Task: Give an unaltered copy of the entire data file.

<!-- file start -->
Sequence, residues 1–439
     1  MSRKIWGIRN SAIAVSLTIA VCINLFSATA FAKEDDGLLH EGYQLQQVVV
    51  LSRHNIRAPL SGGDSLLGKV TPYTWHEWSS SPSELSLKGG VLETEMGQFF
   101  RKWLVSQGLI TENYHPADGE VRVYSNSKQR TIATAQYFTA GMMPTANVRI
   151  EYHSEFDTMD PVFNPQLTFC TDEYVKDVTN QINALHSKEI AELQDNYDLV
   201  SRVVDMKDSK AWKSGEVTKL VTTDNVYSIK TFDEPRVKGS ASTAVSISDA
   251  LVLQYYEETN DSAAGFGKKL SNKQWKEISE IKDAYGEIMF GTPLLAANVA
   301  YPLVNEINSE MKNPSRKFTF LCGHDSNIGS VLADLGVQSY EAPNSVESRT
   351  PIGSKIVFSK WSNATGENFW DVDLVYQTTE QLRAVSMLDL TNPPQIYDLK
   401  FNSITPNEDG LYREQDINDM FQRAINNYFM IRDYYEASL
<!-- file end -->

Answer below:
Sequence, residues 1–439
     1  MSRKIWGIRN SAIAVSLTIA VCINLFSATA FAKEDDGLLH EGYQLQQVVV
    51  LSRHNIRAPL SGGDSLLGKV TPYTWHEWSS SPSELSLKGG VLETEMGQFF
   101  RKWLVSQGLI TENYHPADGE VRVYSNSKQR TIATAQYFTA GMMPTANVRI
   151  EYHSEFDTMD PVFNPQLTFC TDEYVKDVTN QINALHSKEI AELQDNYDLV
   201  SRVVDMKDSK AWKSGEVTKL VTTDNVYSIK TFDEPRVKGS ASTAVSISDA
   251  LVLQYYEETN DSAAGFGKKL SNKQWKEISE IKDAYGEIMF GTPLLAANVA
   301  YPLVNEINSE MKNPSRKFTF LCGHDSNIGS VLADLGVQSY EAPNSVESRT
   351  PIGSKIVFSK WSNATGENFW DVDLVYQTTE QLRAVSMLDL TNPPQIYDLK
   401  FNSITPNEDG LYREQDINDM FQRAINNYFM IRDYYEASL